There's something about putting food on a stick that makes it more fun. Perhaps it's the bite-size pieces. Maybe it's being able to gnaw the tasty morsels directly off a skewer. Eschewing knives, forks and plates gives a sense of freedom to the whole act of eating.
I think the folks running the Stick It Truck get that concept: Eating should be fun, and it doesn't have to be fancy to be good. Anyone who has eaten a turkey leg at a Renaissance fair understands the concept.
The food may be fun, but that doesn't mean the culinary pedigree on board isn't serious. Chef Ruth Lipski attended Le Cordon Bleu in Arizona, while her partner Alberto Palmer is a culinary veteran with 12 years of management experience. Chef Ruth interned at Moto and was Executive Chef at Simone's in Chicago.
We dropped by for a visit on a sunny Thursday at lunchtime while they were parked by Soundwaves on Montrose. Chef Ruth (who talked with us while her Alberto was busy cooking) recommended beef tenderloin on a stick. The marinated flavor was fantastic, and I think there must have been some oregano in there. It reminded me a great deal of souvlaki, the Greek dish that is marinated meat grilled on a skewer. It's one of the main reasons I look forward to the city's annual Greek festivals.
There are items at Stick It Truck that are a fantastic value. Bacon-wrapped sausage on a stick was $2. Deep-fried Snickers™ bars (two "fun sizes," cut in half, on one stick made four, bite-sized pieces) were a mere $1. When was the last time you bought a sinful dessert for a dollar? When all was said and done, my partner and I were well-fed for less than $20.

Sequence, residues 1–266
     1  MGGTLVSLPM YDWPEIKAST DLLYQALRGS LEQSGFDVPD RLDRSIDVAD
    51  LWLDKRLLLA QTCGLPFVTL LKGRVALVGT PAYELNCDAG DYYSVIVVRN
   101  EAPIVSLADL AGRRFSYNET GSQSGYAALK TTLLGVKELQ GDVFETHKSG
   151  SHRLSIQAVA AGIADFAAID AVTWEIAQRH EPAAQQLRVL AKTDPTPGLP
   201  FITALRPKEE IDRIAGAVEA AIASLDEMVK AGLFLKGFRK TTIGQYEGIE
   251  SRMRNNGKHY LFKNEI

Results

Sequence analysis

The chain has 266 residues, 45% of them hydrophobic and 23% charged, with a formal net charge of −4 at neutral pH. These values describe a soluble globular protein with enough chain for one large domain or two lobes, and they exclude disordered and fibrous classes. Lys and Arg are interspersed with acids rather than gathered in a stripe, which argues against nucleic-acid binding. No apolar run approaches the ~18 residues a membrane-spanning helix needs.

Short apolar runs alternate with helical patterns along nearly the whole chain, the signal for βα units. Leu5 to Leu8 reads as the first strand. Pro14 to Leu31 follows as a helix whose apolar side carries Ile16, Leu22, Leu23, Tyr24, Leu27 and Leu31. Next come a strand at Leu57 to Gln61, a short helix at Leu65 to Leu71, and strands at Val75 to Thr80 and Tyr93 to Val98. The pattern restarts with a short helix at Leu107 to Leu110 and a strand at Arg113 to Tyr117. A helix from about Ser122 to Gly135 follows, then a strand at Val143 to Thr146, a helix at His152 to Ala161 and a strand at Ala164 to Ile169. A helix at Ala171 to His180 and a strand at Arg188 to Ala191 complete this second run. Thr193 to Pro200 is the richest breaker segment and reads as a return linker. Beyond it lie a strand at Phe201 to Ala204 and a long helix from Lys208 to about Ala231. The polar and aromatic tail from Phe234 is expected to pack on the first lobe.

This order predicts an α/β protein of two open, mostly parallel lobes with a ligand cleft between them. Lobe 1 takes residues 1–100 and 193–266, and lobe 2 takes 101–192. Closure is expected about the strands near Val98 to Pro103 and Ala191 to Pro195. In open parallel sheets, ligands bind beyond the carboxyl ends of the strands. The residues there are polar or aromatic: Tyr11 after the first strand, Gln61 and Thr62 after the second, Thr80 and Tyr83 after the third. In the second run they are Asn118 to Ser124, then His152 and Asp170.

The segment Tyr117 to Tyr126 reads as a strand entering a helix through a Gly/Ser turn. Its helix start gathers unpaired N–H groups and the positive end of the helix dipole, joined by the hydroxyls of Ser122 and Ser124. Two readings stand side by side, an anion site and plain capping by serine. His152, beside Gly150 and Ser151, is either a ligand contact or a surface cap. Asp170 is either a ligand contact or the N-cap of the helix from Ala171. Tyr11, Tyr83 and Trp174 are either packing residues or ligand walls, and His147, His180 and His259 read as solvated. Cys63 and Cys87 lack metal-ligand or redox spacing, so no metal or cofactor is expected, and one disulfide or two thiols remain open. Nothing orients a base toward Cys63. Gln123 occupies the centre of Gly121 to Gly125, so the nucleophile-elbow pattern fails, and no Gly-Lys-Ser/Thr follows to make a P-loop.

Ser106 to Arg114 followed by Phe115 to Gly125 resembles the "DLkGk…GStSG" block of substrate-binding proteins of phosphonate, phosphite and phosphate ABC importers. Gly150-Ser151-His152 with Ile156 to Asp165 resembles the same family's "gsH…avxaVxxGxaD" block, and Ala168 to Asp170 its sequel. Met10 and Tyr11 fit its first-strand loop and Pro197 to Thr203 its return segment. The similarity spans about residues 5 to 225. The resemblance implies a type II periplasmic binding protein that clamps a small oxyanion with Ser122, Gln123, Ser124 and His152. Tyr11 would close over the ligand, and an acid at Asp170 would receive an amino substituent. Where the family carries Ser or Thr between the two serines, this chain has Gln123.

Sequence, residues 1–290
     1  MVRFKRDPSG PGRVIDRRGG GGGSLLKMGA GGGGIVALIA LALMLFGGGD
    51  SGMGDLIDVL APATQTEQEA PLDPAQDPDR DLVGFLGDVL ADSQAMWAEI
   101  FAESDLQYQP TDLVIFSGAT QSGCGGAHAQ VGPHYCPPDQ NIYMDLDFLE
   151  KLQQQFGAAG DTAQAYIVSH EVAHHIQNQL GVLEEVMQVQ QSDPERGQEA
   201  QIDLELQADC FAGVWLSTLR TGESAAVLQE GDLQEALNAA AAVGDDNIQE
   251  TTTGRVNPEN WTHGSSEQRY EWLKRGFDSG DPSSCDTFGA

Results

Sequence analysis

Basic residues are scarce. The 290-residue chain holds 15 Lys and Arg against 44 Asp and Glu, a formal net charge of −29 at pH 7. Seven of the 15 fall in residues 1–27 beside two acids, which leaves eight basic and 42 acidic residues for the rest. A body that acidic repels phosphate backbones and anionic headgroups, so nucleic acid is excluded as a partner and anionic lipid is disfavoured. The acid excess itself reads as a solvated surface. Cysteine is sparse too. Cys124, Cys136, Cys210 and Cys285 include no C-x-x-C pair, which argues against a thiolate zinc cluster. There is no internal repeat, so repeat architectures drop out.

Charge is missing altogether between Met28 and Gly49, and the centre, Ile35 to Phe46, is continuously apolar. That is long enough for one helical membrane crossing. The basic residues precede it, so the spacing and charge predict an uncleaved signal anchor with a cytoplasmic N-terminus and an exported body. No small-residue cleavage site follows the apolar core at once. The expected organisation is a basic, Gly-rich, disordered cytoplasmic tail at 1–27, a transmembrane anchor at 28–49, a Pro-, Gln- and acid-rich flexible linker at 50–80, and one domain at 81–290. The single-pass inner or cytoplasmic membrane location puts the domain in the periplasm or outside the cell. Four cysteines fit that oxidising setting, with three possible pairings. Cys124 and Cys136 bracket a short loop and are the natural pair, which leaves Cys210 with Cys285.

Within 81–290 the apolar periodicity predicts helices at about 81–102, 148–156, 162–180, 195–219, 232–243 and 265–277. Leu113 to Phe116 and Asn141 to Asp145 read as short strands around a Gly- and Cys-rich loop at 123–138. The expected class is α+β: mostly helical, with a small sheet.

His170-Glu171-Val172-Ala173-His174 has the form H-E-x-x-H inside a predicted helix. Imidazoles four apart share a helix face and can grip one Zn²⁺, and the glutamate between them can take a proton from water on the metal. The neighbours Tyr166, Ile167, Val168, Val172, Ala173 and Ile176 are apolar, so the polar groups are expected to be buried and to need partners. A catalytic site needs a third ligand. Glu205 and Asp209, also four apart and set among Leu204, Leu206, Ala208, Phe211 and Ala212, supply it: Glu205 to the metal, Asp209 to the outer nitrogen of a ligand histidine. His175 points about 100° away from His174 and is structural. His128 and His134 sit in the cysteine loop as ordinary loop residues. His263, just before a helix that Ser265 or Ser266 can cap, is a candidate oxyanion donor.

Five of those dollars landed us chunks of creamy brie that were dipped in funnel cake batter, deep fried, and "stickified." It came with a generous little tub of raspberry jam, which was appreciated, but not required to enjoy the fried goodness.
I quite enjoyed the mashed potatoes that came on the side with the steak on a stick. It was just the way I like them and some of the best I've had in awhile. They were chunky and with lots of potato skin. They were almost "smashed" potatoes. They could have used more seasoning, though, and although they were advertised as cheddar and bacon mash, I wasn't really picking up on those flavors.
The other side was an inspired vegetable combination of zucchini, baby portobellos, green beans and bacon. Again, more seasoning would have been desirable; however, when was the last time you got steak with two side dishes for $9?
There are a lot of little extras one can get on the side as well, like a fried egg or some pork belly. "How do you put fried egg on a stick?" asked my partner. "No, no that's not on a stick," replied Chef Ruth. I wouldn't be surprised at all, though, if some other egg incarnation doesn't end up on a stick here.
I look forward to trying some more of their creative dishes, such as Korean pork belly lettuce wraps with basmati and sesame gastrique, or fried chicken with four peppercorn gravy.
As of this writing, Stick It Truck can often be found at lunchtime at Soundwaves or just down the road at Inversion Coffee. On Wednesday and Thursday evenings, they're at The Boneyard. However, be sure to check their Twitter feed, @stickittruck, before heading out. They're not out every day, and the schedule is apt to change. They are very good about updating their Twitter feed, though, so it's not too challenging to find them.
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